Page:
A Vintage Mobile Sportsman Trailer

Information about my vintage 1948 Mobile Sportsman trailer.

Saturday, November 27, 2004

1948 Sportsman

Saturday, November 06, 2004

Rear View

This is the first picture I saw, and all it took to convince me that I had to have it!

It is a 1948 Mobile Sportsman house trailer, yes, house trailer, it is not a "camper".
I had for years wanted to redo an old trailer, but didn't have the time or money.
When I got a little time, I didn't have much money, and so built a teardrop as a substitute using both new and salvaged material to make it look "old".
Click here to see
After enjoying the teardrop, money and time came together, and when I found the Sportsman for sale, I didn't waste much time getting it home!

As an interesting side note, I had actually found another Mobile Sportsman trailer only a mile from home a year earlier, but it was too far gone to use for anything but parts, so when the other one came up for sale, the decision was easy!

This trailer had been purchased used by an older couple for camping trips, and in recent years had been rather neglected.
My plan was to clean it up a bit, do some retro fitting, and go camping, but before I even got it home, trouble started.

Front View

In all its years, I don't think it had ever been polished, but overall, the aluminum siding was in pretty fair condition.
The funny looking "window" at the rear is actually an emergency exit, since there was only one door, and the heater was next to it, this was the other way out.

Exterior, Streetside

Something I found interesting was the mixed use of stainless steel, and regular steel screws.

Why if they had stainless available, did they also use rust prone regular screws?
I'll probably never know, but all were replaced with stainless!

The rusty round thing high up on the side is the electrical hookup.
The trim strip down the middle once held a bright red insert!

Exterior, Curbside

The cute, but dull little bumperettes needed rechroming...or so I thought, turns out they're solid aluminum!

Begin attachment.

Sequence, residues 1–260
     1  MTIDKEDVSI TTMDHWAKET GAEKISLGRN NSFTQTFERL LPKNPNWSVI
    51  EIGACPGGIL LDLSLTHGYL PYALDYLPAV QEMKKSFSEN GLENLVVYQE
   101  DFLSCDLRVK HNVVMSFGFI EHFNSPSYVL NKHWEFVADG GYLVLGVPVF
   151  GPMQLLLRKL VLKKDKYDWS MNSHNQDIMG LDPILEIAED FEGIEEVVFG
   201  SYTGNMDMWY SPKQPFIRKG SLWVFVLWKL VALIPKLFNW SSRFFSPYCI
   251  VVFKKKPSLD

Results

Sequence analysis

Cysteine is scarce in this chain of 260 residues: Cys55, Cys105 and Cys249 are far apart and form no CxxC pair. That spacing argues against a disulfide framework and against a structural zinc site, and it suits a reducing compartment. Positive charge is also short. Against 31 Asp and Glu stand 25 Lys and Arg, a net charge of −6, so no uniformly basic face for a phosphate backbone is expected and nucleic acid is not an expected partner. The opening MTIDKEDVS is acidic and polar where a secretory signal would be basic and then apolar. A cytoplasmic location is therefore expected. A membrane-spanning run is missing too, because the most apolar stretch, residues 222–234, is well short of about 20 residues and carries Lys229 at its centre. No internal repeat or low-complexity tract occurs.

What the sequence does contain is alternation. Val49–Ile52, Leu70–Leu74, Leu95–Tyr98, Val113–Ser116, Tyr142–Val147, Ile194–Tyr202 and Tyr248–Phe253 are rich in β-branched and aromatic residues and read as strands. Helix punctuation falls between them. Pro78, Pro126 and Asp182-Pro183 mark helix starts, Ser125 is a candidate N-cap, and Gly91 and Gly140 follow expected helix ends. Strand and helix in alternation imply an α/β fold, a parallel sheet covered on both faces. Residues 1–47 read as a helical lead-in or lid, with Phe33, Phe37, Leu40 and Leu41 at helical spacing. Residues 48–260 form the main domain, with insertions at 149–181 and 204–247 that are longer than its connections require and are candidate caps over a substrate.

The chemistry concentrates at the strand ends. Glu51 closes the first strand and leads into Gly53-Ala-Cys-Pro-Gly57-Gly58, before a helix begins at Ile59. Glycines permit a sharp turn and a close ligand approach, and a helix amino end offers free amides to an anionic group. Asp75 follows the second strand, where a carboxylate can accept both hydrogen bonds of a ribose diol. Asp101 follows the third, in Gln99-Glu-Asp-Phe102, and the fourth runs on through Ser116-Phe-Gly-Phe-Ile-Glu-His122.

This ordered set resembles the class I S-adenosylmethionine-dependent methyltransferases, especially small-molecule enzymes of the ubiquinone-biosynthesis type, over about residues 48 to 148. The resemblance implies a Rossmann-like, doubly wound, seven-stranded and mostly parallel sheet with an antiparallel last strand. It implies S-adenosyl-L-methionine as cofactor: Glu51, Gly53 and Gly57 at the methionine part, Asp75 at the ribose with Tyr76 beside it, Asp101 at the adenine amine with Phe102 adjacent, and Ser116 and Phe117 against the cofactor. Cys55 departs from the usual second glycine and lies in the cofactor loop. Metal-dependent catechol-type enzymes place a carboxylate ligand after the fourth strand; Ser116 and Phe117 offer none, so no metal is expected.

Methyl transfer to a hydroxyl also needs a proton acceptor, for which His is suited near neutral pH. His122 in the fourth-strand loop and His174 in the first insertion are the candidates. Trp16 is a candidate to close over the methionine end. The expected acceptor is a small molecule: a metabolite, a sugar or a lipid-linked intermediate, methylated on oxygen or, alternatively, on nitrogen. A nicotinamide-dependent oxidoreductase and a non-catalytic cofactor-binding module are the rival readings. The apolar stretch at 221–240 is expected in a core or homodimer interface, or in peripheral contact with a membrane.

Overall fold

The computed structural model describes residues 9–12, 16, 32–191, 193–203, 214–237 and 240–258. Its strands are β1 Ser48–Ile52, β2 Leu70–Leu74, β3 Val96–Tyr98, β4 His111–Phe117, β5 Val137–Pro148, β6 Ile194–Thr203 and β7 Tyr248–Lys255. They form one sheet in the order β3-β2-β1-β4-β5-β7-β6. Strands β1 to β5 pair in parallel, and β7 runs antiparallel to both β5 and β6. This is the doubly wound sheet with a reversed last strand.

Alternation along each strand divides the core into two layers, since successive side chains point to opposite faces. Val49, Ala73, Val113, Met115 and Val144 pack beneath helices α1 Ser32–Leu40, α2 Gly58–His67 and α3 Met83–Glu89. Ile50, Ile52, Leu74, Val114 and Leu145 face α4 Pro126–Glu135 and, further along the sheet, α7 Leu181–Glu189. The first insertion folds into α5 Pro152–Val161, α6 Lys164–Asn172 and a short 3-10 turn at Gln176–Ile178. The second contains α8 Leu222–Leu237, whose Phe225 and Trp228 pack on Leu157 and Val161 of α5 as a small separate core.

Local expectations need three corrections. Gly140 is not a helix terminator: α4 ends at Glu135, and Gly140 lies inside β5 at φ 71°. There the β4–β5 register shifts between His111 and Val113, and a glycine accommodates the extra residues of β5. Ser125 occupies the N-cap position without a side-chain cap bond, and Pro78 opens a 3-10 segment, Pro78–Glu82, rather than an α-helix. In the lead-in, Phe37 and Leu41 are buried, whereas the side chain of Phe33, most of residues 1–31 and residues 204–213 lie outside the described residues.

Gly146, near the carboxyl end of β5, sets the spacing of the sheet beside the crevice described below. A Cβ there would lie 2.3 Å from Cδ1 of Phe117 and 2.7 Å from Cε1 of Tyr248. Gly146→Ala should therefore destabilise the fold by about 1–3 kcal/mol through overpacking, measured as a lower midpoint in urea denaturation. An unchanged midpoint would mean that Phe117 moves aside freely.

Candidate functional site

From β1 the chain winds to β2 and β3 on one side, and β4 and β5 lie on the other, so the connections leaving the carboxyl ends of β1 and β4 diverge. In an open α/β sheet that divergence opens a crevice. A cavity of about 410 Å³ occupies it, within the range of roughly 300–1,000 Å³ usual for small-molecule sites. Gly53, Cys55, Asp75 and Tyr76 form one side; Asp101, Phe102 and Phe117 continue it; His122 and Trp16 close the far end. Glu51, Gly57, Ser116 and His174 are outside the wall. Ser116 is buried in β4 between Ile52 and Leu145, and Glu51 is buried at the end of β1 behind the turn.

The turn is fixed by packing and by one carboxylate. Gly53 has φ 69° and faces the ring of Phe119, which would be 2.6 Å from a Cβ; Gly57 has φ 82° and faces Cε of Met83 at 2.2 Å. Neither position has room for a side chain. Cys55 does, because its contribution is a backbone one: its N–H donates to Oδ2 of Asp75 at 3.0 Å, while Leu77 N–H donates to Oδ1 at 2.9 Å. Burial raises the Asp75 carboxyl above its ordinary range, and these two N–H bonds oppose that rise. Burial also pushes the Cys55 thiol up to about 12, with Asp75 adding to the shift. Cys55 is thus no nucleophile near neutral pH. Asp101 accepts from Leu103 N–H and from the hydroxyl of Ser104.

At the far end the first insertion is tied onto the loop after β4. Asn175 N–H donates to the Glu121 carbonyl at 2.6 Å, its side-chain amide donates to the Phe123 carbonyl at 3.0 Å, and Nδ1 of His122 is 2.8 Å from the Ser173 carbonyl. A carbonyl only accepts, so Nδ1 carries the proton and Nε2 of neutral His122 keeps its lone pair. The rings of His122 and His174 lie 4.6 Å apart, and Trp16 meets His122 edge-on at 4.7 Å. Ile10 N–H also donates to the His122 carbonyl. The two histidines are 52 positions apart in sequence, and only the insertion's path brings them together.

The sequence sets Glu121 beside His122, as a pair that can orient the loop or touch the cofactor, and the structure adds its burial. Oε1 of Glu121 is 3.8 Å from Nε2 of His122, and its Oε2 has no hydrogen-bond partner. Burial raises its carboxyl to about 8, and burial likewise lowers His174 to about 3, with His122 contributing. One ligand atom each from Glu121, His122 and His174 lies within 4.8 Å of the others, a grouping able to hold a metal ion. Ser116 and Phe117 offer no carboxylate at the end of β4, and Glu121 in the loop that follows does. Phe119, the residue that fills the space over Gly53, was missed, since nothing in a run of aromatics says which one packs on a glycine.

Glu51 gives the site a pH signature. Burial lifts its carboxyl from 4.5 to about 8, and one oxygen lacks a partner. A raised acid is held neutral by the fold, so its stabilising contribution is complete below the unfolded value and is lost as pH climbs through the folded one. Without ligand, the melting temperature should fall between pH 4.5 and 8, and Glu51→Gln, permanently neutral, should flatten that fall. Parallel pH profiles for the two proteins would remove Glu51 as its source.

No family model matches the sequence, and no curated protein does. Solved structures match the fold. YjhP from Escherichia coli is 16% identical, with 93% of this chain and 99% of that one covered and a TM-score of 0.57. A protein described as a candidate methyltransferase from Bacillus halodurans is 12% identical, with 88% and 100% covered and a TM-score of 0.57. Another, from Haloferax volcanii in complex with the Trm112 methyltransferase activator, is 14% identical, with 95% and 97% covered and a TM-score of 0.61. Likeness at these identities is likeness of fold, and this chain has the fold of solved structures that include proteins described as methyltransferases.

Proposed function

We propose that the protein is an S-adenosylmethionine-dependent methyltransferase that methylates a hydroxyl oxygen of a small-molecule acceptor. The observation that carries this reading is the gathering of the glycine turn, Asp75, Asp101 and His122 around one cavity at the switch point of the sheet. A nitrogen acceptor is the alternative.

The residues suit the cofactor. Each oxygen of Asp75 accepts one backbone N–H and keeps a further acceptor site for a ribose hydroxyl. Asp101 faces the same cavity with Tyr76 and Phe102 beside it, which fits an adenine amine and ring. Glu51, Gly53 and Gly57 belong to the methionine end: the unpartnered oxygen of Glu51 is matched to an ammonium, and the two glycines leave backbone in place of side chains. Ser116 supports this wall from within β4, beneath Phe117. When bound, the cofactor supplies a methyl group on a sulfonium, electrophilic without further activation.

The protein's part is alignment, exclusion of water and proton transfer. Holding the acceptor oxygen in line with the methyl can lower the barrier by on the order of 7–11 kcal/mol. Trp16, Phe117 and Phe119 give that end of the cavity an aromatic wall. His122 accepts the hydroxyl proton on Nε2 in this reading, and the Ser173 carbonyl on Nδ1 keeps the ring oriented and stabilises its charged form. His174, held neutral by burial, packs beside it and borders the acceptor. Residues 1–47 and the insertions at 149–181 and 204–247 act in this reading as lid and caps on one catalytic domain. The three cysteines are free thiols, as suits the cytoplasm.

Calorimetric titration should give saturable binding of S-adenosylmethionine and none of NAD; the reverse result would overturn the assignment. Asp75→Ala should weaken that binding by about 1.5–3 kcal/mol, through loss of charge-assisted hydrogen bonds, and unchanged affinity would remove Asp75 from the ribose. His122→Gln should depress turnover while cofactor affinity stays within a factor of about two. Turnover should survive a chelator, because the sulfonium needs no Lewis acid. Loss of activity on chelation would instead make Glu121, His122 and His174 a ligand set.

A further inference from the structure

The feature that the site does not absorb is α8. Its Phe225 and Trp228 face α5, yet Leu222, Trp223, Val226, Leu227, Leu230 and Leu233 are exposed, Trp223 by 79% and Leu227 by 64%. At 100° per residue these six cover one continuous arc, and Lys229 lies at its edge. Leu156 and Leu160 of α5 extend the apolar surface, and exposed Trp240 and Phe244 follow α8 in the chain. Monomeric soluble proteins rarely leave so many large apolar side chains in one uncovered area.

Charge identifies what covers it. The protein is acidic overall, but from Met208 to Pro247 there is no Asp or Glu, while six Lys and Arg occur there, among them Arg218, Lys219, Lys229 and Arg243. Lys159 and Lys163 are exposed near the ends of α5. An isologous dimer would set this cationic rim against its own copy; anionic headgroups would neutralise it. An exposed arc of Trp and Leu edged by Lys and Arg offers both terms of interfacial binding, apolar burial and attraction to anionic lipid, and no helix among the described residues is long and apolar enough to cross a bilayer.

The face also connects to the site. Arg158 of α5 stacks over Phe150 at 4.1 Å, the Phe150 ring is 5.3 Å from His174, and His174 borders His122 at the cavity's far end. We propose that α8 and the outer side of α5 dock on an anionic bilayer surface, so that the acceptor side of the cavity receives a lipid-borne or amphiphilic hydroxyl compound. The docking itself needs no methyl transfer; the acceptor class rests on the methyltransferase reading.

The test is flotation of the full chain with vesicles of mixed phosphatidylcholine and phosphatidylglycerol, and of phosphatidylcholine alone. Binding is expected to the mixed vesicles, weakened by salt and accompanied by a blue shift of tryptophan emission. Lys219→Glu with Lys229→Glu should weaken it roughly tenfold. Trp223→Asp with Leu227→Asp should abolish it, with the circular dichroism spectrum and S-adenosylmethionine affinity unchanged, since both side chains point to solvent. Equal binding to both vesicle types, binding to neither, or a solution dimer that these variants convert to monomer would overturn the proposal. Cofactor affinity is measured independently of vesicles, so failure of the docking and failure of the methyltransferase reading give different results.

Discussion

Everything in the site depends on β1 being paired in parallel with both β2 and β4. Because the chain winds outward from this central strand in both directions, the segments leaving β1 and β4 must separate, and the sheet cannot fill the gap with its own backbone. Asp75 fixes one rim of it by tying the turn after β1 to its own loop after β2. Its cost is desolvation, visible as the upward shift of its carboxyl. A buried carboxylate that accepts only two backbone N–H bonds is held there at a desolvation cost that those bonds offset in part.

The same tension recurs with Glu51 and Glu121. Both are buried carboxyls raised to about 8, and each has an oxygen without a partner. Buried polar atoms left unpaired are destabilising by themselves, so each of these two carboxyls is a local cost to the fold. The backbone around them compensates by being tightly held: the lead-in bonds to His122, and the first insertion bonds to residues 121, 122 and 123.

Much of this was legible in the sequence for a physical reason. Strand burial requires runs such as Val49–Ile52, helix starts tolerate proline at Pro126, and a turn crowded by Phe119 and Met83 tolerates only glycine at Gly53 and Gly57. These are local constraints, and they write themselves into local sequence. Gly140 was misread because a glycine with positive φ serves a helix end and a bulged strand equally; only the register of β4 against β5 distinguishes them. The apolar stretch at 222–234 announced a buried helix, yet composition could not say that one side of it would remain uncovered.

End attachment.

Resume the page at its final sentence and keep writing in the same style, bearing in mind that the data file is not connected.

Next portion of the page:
All the running lights, tail lights, and porch light were there, and unbroken!

Took me a while to realize the original tail lights were not original at all...they came new on a 56 T bird, but they look good, so I kept them.

Dual Closets

At left is the asbestos heat shield for the heater (missing).
The original Marvel fridge still works.
The two opposing closets, opened together, created an 18" "dressing room" in front of the bed.

The Master Bedroom!

Not much to say about this, other than cramped!

A Little Worse For Wear

It was nice how the fridge was mounted up high, easy to access.

The dinette cushions were thick, but far from soft.

The Original Dining/Living Area

Hard to imagine today, but common in its time, this small trailer (14-1/2' body length) served as home to some lucky couple!

This view is from the bed looking forward, not an ounce of spare room.

Lighting was provided by a fluorescent bulb at each end, and a tube light over the counter.

The table was removeable, and the dinette could be converted into another bed.

The Very Small Kitchen

Imagine trying to prepare three meals a day in this space!

Just A Little Water Damage

This area held the only visible water damage to the interior.

It is common to find these old trailers advertised as having only "minor" water damage...BEWARE!

What The Damage REALLY Looks Like!

This is the other side of the wall, what do you think...Would you call it "minor damage"?

This is, unfortunately what a lot of trailer walls look like inside.
When looking at minor interior water stains, one must remember that the water came from outside, soaking everything in its path.

Bad News! The Frame Is Rusted Through

This is the part of the story that started, and probably should have ended my quest to rebuild/retrofit this particular trailer...

Going against my usual rule of never buying a car, etc, from a dealer, I did.